Apostle of Love
04/22/06 By PAMELA MILLER Star Tribune staff writer
Beryl Singleton Bissell grew up in Puerto Rico, spent 15 years as a cloistered Poor Clare nun, fell in love with an Italian priest, left her order, married the priest after he left the priesthood, had two children, watched her husband die of cancer and lost a daughter to murder.
Despite more than her share of drama and sorrow, Bissell, now 66 and living in Schroeder, Minn., is a joyful woman, and her new memoir, "The Scent of God," is an ode to passion both spiritual and sensual. Meticulously researched and skillfully written, it is the story of a woman who twice gave up everything for love -- first for God, then for a man.
Bissell's story is likely to put off orthodox Catholics. She sleeps with a priest, questions church practices and describes an audience with Pope Paul IV in which, she says, his eyes "glittered like the eyes in a stuffed bird."
Yet she is devoted to her faith. Every few chapters, the story pauses for a poetic description of a monastic prayer. For Poor Clare nuns, the prayers are islands of contemplation in the day, and they serve a similar purpose here.
The book's title refers to Bissell's lifelong pursuit of the holy. "Our yearning for God is so great," she said. "We're always pursuing this elusive fragrance. [The poet Rainer Maria] Rilke said, 'I ache and swell in a hundred places, but mostly in the middle of my heart.' We long for God just that passionately."
Bissell was born in New Jersey and raised there and in Puerto Rico by a beautiful, strong-minded mother and a hard-drinking, often absent father. From early childhood, she longed to live close to God. At 18, she entered a Poor Clare monastery in New Jersey, where she lived contentedly for years, working and praying, cut off from the outside world.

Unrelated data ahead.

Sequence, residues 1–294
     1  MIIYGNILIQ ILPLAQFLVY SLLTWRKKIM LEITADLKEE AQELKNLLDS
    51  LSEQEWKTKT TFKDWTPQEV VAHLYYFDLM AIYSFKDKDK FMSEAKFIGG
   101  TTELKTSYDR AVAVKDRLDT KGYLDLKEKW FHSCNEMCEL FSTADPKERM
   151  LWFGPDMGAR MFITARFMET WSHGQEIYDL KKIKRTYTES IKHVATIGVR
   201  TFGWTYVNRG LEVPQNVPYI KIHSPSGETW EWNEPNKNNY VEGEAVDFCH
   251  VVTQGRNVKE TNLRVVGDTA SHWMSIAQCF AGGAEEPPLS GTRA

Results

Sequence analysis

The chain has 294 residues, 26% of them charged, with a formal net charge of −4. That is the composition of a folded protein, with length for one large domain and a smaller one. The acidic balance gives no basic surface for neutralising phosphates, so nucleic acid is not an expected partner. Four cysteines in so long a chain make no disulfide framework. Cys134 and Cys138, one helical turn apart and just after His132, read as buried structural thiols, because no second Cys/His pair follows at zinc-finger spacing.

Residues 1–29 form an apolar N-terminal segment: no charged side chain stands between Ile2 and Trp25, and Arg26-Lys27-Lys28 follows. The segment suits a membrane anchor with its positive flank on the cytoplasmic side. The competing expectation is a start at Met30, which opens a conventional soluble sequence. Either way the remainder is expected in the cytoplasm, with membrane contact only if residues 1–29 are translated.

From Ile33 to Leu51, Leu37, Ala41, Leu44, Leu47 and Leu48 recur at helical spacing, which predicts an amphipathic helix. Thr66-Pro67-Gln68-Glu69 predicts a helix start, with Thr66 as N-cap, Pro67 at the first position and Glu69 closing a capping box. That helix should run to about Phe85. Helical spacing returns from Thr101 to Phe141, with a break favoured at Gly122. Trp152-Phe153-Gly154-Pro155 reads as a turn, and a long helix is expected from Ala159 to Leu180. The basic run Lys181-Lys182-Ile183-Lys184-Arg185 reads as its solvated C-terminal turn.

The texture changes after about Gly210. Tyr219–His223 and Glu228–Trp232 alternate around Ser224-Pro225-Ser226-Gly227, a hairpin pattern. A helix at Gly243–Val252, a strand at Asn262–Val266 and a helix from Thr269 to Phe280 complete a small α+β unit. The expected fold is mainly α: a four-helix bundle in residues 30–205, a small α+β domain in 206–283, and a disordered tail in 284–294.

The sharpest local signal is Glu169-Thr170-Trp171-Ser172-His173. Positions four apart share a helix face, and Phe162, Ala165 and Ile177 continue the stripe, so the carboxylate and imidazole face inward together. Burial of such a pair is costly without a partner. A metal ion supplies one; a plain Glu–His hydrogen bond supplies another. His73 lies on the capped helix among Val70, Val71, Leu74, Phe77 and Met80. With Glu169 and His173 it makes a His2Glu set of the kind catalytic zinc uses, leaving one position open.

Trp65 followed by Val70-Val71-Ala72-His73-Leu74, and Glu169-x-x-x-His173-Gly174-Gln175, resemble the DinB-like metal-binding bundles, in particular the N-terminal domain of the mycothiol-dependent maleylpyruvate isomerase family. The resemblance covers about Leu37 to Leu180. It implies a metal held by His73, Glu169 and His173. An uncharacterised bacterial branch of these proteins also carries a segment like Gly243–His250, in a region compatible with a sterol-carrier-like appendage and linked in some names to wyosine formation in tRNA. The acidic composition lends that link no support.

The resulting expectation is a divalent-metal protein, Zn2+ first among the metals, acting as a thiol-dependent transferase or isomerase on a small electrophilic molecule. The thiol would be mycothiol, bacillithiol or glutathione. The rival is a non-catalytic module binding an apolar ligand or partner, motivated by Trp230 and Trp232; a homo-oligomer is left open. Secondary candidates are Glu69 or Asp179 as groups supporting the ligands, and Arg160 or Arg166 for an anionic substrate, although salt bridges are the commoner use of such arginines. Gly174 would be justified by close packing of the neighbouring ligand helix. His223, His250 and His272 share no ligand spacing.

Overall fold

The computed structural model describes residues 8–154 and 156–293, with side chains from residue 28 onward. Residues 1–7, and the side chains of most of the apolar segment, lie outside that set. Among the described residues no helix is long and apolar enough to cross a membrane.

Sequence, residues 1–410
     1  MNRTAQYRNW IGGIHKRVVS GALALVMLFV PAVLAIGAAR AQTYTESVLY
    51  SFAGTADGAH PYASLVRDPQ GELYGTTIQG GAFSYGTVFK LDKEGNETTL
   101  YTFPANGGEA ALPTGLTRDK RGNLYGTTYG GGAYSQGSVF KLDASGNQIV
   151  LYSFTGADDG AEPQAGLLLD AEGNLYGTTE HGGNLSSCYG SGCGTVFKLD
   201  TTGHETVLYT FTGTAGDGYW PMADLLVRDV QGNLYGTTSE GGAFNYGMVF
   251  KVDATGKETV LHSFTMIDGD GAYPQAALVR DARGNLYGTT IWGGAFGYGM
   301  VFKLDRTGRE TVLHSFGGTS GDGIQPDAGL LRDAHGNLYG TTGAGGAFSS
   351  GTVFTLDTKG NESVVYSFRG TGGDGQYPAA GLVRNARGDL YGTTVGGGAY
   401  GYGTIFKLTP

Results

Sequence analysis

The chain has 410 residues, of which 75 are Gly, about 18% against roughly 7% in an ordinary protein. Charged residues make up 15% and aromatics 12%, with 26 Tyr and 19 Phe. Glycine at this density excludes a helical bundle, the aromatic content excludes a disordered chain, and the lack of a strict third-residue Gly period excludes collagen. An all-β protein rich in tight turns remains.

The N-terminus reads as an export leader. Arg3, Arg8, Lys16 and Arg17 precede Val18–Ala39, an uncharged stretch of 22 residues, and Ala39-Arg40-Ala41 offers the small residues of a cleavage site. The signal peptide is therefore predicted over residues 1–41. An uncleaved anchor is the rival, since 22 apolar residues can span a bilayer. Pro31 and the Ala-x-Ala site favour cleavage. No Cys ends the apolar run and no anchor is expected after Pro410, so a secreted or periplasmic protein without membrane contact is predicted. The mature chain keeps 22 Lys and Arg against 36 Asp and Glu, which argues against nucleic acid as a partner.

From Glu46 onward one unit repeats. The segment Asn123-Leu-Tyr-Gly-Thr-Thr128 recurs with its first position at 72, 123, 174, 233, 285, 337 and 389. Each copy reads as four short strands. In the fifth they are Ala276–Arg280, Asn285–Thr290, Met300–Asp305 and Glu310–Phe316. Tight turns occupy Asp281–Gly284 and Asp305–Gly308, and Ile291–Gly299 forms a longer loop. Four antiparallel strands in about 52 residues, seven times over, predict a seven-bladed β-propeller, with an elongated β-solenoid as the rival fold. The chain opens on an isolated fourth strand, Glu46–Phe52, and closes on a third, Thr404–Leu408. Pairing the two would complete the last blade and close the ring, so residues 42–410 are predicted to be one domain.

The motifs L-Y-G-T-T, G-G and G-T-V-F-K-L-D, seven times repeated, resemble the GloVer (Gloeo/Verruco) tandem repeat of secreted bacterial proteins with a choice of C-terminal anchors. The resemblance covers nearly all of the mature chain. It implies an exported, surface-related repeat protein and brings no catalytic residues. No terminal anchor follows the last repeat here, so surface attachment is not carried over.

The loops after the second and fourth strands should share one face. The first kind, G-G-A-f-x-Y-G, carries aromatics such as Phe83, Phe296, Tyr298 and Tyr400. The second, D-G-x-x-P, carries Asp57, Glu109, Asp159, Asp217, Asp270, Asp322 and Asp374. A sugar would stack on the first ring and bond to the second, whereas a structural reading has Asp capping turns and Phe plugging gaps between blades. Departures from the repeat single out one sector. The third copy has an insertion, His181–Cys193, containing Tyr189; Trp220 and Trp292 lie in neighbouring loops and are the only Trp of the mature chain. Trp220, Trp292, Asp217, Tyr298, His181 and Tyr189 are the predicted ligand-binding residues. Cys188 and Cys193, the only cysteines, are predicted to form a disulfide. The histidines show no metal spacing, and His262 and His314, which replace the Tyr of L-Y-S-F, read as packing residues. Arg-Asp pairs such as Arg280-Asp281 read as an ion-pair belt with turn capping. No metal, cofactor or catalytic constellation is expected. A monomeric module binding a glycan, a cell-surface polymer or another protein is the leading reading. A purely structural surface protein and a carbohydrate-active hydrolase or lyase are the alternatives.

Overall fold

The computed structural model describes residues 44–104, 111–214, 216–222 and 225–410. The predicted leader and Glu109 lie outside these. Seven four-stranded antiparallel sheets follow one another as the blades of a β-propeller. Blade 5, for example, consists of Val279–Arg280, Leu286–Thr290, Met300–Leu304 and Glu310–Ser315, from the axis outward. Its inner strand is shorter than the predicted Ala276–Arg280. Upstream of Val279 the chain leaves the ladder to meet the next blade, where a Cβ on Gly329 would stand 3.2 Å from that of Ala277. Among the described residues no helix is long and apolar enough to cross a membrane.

The monastery was not, however, a haven entire. Friendships were complicated, and Bissell's tendency toward anorexia could not be prayed away. Still, she loved her life.
In 1969, she was allowed to go to Puerto Rico to care for her father, who had had a stroke. While there, she met Padre Vittorio Bosca Pelle, an Italian-born priest almost twice her age. When love bloomed, Bissell fled back to the monastery.
By 1972, she writes, "my life held only the coals of what had once been a burning passion. Caught up in the joys of island living, the needs of my family, and my growing relationship with Vittorio, my commitment to religious life had been tamped down." Late that year, she left the order. She was 33.
She and Bosca began a tortured relationship, fighting a "searing struggle" to remain chaste but eventually falling into a passionate affair. In the book's first draft, she said, "I tried to keep it modest sexually. I ended one chapter with, 'He drew me into his arms,' and some editors said, 'You have to say more!' So I added some details, and wouldn't you know it, that's what Kirkus Reviews picked up on." (Kirkus cites a passage in which she and Bosca fall into a "wild almost crazed consuming of each other.")
After much agonizing, Bosca left the priesthood, and they married in late 1974. By then, he had pancreatic cancer, and after the birth of their children, Tomás and Francesca, he died.